What a dark period indeed.

But before we start to feel too morally superior, we shouldn’t forget that eugenic sterilization based on the labeling of certain individuals as feebleminded was going on right here in the US.

In 1924, feeblemindedness was further defined as being one of three sorts:  idiot, moron and imbecile.

As Mukherjee writes:

Feebleminded women were sent to the Virginia State Colony (for Epileptics and Feebleminded) for confinement to ensure that they would not continue breeding and thereby contaminate the population with further morons and idiots…the place was never meant to be a hospital or asylum. Rather, from its inception, it was designed to be a containment zone.

Appalling.

For me, the most fascinating parts of this book are the parts in which Mukherjee gives us glimpses into his personal life. Or more aptly, into his family’s seemingly genetic disposition to mental illness. Especially moving are the accounts of his uncles’ and cousins’ sudden appearance of  schizophrenia.

In fact, before their marriage, Mukherjee was compelled to tell his future wife about the madness in his family:

It was only fair to a future partner that I should come with a letter of warning.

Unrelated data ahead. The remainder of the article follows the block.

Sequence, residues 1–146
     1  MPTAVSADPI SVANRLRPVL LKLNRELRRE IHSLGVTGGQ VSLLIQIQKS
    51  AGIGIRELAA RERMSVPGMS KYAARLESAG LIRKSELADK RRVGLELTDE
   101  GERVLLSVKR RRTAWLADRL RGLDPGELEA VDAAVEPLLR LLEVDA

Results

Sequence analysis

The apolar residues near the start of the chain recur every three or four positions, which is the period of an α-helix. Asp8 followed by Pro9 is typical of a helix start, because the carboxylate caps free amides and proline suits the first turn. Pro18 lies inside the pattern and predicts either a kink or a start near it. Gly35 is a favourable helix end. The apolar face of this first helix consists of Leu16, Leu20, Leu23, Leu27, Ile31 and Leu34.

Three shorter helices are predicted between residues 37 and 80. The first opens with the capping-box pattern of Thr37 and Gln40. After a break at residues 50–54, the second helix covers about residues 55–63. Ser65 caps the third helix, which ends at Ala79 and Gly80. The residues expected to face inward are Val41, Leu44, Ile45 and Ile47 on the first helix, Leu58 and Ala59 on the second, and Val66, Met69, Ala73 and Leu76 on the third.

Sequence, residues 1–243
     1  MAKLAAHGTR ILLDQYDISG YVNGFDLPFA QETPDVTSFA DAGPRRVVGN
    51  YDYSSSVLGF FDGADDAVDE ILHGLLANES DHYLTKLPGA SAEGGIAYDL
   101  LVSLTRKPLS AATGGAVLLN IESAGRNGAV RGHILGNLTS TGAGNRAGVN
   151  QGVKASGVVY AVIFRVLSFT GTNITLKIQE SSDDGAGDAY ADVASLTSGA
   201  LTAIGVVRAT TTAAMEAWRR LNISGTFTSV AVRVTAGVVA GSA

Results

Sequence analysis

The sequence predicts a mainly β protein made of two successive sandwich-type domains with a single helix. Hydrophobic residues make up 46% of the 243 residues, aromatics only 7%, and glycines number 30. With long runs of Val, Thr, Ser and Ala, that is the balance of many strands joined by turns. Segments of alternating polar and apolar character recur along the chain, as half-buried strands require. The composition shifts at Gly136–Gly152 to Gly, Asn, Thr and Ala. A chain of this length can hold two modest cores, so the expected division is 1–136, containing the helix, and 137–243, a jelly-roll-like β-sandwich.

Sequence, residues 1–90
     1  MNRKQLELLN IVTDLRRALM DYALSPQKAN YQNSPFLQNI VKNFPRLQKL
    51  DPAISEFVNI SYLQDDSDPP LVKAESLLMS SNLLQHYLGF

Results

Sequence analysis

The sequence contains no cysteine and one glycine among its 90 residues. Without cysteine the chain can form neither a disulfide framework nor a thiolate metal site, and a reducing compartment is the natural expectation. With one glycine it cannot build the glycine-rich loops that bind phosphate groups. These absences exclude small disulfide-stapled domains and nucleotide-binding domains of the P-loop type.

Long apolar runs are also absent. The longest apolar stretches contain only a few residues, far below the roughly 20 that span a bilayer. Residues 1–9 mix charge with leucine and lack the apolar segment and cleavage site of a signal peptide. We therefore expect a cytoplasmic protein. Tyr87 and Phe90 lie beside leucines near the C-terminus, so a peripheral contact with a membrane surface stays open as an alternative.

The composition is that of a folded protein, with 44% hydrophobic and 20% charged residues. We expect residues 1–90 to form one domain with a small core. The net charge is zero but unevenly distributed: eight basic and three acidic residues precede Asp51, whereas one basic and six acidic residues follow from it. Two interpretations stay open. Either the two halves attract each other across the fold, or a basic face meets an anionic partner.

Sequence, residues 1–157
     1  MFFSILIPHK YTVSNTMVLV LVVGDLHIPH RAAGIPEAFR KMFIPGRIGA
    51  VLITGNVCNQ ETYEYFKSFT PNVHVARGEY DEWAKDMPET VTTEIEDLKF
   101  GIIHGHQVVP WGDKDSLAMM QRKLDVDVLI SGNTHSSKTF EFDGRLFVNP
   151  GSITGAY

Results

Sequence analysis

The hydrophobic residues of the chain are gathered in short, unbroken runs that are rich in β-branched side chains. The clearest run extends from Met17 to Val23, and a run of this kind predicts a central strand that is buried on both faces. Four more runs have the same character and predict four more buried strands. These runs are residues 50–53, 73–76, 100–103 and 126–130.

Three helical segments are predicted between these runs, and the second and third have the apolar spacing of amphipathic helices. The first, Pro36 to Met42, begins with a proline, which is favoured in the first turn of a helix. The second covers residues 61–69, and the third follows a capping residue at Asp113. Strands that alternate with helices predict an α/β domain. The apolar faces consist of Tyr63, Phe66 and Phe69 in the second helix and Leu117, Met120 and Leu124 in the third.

The Gene is dedicated to Mukherjee’s grandmother who loved and defended the most fragile of her children. I found that touching.

I loved the personal parts of Mukherjee’s book the most. I’m hoping there will be a memoir, at some point.

Topics for discussion and debate in The Gene are too many to list, and the vast amount of science-based information shared within the pages cannot be properly summarized in a blog post. Not by this blogger anyway.

What I hope this post does do is spark your interest in reading this book for yourself.

The study of the gene and the human genome has opened a new frontier filled with much promise and opportunity but considerable angst and dilemma as well.

As Mukherjee writes:

By the mid-20th century, the gene had become one of the most dangerous ideas in history.